Secure attachment is one of the primary attachment styles in the attachment theory, a psychological model that describes how people behave in relationships. Oof, that was a mouthful.
As the name suggests, a secure attachment is the most stable of the attachment styles. Attachment styles often come up in dating. If you’re looking for a serious relationship, odds are, you’re looking for someone with a secure attachment style. This article will help point out some of the most common signs of secure attachment in adults.
What is Secure Attachment?
Our attachment style typically forms in childhood through our relationship with our parents or caregivers. The way they tend to our needs, teach us how to take care of ourselves, regulate our emotions, and socialize with others all shape the way we interact with the world around us.
Having a caregiver in our childhood that makes us feel safe, secure, and stable usually creates a secure attachment for us. Usually, the attachment style formed in childhood will be the one we will carry throughout the rest of our lives.
Signs of Secure Attachment in Adults
Some tell-tale signs of a securely attached partner include:
Comfortable with open conversations: They can express their thoughts and feelings easily.
Strong support: Securely attached people can ask for help and give support when needed. They have a healthy view of their self-worth.
Show empathy: They are able to empathize with you without making you feel guilty, and they can take care of you because they can take care of themselves.
Honesty and transparency: Because they can speak up about their feelings, they are not afraid to communicate what they are thinking or feeling and be direct. They don’t play games.
They respect boundaries: When you express your boundaries to a securely attached person they will listen and adhere to them. If you overstep their boundaries, they will calmly tell you and will communicate gently with you if you have done something to upset them. They expect the same in return.
Compromising: A securely attached individual doesn’t take disagreements personally. They will take a step back when things get heated and will have an attitude of wanting to work on the problem together.
Comfortable with commitment: The idea of commitment doesn’t scare a securely attached person. They tend to prefer long-term commitments because they are not afraid of intimacy.
Unconditional trust: Obviously, trust takes time to build in any relationship. However, a securely attached partner won’t exhibit signs of jealousy or be doubtful of your motives without due cause. They remain faithful and reliable.
Have a growth mindset: Not being afraid of intimacy or commitment, securely attached partners genuinely want to build on the connection with you. They will be ready and willing to put in the work. For richer or poorer, they will want to stay by your side.
Lack of resentment: While they may have had unpleasant experiences in the past, they don’t carry this with them into new relationships or harbor any resentment toward past partners.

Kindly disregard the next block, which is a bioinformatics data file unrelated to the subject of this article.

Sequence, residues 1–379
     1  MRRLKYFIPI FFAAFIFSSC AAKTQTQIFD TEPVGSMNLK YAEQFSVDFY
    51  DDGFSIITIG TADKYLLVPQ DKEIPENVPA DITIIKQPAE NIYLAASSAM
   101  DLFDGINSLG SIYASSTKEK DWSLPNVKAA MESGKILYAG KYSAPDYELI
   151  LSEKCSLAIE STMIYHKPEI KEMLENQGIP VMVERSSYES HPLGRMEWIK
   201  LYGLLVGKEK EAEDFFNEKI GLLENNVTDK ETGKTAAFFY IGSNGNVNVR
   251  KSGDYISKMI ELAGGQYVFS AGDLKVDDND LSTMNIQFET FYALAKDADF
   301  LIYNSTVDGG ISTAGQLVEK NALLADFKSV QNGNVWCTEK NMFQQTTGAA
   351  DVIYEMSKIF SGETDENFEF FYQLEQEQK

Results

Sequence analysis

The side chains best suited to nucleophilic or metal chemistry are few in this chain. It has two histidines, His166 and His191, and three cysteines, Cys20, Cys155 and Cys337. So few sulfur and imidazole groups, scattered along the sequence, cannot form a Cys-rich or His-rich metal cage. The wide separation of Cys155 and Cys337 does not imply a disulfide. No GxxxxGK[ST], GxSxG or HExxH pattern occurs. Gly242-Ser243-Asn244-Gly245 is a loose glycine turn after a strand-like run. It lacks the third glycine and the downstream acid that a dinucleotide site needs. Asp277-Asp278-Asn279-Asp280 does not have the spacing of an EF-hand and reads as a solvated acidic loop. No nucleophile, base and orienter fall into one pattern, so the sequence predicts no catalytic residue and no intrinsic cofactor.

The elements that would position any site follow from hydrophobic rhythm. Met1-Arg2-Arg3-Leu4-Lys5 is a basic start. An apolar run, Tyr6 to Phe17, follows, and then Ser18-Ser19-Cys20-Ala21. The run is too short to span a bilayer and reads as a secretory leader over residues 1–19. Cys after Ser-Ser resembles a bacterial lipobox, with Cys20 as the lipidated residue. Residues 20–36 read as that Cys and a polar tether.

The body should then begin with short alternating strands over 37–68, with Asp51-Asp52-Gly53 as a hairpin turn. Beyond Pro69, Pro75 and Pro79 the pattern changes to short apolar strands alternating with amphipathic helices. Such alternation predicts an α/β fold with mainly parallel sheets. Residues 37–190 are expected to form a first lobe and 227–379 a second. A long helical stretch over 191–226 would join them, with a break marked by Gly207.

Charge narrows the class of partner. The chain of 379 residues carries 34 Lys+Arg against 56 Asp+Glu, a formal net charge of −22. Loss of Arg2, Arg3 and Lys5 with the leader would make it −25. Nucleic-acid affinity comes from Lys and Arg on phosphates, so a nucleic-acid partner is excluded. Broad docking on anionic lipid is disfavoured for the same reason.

How to Develop a Secure Attachment Style
If you are struggling with an anxious, avoidant, or anxious-avoidant attachment style, breaking the patterns can be difficult.
The first step is to become aware of your emotions and behaviors with others. Speak with a licensed therapist who can help teach you healthy self-soothing techniques to overcome your anxiety around intimate relationships.
The second thing you can do is to seek a partner who has a secure attachment style. Consider whether you are attracting partners who are showing up as consistent, calm, and secure. If they are showing signs of emotional unavailability, then more than likely they are not securely attached.
A secure partner will provide more emotional safety than other attachment styles as well as give you the space to work on your co-dependency patterns and emotional avoidance.
You can develop a more secure attachment by:
- Practicing not taking things personally
- Learning to identify your emotional needs and expressing them clearly and compassionately to your partner
- Being direct and honest
- Noticing when you are clingy and working on soothing yourself rather than seeking constant reassurance
- Allowing yourself to be vulnerable
- Leaning into your discomfort, especially if you are afraid of commitment
- Taking the relationship slow and having other interests
- Reading material on attachment styles and how to self-regulate your emotions
- Not running away from conflict
- Being less reactive
- Developing strong boundaries and respecting your partner’s boundaries
If you are ready and willing to put in the work, you can move from other attachment styles into a secure attachment. It’s important to remember to be patient with yourself and not hold any resentment toward your caregivers. At the end of the day, your healing is your responsibility and with the right amount of effort, self-love, and care, you can and will develop a more secure attachment.